The smell wraps around me like a reunion between old friends when I step off the bus. That dark soil smell, but mixed with something lighter. Something green that immediately makes me think of leaves in rain, or trees in the wind. I love this smell. I love it every summer. It’s the smell of freedom. Not that stupid kayaking-shirtless-in-a-Viagra- commercial freedom. That’s for straight people. This is different. It’s the who-cares-if-your-wrists-are-loose freedom. The freedom from having two seniors the table over joke about something being “so gay” at lunch.

Several tables are set out next to the parking lot, a big banner hanging over them: WELCOME TO CAMP OUTLAND.

This year, I admit, it smells a little different. Maybe not quite as free. But I knew it would be like this when I came up with my plan. This smell, I hope—slightly less pine, a bit more grass, the barest whiff of daisy, which I could be imagining—this is the smell of love.

“Keep it moving, keep it moving,” Joan, the camp director, calls out to us as we step off the bus we’ve been traveling in for the last several hours, waving her hands like a traffic cop. “Tables are by age—find your age, go to that table to register.”

I look for the table that says 16 and wait in line. I run my hands over my newly shortened hair. Until two days ago, it had been chin length and wavy and super cute, if I do say so myself, but I needed to lose it for the plan to work. The line of campers moves forward and I’m at the front, staring down at Mark, the theater counselor—my counselor. I think he’s in his forties, gray at the temples, skin that’s a little too tan for a white guy, wearing the Camp Outland polo, big aviator sun- glasses, and a pin that says THEATER GAY in sparkly rainbow letters. This will be the big test. He looks up at me, and for a moment, there’s a flash, like he recognizes me, but then he squints, confused.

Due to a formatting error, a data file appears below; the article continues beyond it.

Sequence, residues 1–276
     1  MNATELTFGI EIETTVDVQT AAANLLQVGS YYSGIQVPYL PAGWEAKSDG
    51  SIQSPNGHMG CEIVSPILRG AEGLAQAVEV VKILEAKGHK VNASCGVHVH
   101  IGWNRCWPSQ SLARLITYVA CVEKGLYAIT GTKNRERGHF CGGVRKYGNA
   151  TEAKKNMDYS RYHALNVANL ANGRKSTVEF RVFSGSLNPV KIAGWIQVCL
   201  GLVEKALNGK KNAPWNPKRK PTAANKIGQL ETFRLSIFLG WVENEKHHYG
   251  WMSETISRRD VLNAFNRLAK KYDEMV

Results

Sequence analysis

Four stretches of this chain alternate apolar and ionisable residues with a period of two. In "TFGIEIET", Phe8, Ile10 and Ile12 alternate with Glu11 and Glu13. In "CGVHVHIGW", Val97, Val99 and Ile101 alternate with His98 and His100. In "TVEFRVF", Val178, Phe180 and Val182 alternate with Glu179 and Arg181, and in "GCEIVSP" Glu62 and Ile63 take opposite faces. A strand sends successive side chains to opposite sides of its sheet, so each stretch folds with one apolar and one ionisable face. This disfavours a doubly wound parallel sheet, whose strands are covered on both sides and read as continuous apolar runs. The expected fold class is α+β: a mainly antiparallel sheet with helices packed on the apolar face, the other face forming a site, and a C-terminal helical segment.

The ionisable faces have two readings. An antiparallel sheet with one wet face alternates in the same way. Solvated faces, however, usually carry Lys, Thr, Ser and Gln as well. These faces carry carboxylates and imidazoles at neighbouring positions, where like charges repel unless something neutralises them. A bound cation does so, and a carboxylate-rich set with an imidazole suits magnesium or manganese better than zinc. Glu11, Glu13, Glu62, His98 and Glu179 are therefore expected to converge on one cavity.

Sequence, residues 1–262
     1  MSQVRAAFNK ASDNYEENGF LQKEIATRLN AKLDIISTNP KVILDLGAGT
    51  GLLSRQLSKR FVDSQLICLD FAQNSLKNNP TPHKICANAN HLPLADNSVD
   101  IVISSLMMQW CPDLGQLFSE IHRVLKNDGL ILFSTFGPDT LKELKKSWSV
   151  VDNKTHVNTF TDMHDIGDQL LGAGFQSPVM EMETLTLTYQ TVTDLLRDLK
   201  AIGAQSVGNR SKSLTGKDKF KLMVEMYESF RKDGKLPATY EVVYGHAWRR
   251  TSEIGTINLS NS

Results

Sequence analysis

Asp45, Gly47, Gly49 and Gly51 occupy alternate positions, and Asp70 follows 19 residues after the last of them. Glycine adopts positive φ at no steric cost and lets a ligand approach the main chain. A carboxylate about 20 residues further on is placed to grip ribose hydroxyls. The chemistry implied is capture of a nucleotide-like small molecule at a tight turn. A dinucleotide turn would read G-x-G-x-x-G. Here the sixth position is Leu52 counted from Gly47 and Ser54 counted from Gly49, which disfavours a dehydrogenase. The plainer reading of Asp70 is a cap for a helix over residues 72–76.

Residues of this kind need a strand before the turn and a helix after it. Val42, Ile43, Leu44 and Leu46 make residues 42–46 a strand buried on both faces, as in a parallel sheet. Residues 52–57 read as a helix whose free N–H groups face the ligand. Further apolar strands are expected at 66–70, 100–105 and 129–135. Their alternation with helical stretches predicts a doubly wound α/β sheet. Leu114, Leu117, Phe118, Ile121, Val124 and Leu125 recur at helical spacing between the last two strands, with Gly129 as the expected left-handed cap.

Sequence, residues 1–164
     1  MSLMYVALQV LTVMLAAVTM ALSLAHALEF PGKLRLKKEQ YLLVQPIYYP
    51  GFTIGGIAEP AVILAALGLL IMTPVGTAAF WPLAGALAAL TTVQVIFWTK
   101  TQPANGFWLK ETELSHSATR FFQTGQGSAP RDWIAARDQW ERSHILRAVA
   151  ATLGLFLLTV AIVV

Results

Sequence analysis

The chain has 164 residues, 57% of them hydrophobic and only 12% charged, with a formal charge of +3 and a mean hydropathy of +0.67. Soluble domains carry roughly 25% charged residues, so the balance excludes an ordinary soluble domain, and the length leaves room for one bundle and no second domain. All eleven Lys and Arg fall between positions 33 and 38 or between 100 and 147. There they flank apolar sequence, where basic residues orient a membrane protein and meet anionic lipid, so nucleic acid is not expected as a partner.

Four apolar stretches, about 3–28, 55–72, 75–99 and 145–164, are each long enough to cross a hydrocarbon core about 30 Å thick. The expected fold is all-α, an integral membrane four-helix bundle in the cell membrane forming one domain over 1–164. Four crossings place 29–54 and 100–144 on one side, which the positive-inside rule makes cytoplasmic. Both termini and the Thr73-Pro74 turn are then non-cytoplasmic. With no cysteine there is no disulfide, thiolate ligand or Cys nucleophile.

“What’s your name, honey?” he asks.

I smile. Not my usual big grin; I’ve been working on changing it. Now it’s more like a smirk.

“Randall,” I say. “Randall Kapplehoff.”

“Randy?” He practically shouts it, looking me over again as he stands up. “Oh my god, what happened to you?”

“Puberty,” I say, now smiling my real smile. I look around, bring it back to smirk.

“Honey, you were a baritone last summer, this isn’t puberty,” he says. “I barely recognized you.”

Good, I think. That’s the point.

“I just thought it was time for a change,” I say.

“Were you being bullied?” he asks, concerned eyes peeking over his sunglasses.

“No.” I shake my head. “Just...wanted to try something new.”

“Well,” Mark says, sitting down. “It’s certainly new. I hope you haven’t changed so much you’re not auditioning for the show this summer, though.”

“We’ll see,” I say.

He frowns and flips through the pages on his clipboard. “Well, at least you’ll still be hanging out with us. You’re in cabin seven.” He takes a name tag label out from the back of his clipboard and writes a big R on it before I think to stop him.

“Actually,” I say, putting out a hand, “it’s Del now.”

He peeks up at me over the sunglasses again. “Del?”

“Yeah.” I nod, chin first. “I’m Del.”

“Okay,” he says like he doesn’t believe me, and writes it out on a new name tag sticker and hands it to me. I press it over my chest, rubbing it in, hoping it will stick.

“Well, I’m going to have to talk to my therapist about this later,” he says to himself. Then he glances at his watch and turns back to me. “Flagpole meet-up is at eleven. So, go pick a bunk and be there in twenty minutes.”

“Thanks,” I say.

“Later . . . Del,” he says.


To learn more about Lev and his book, go here.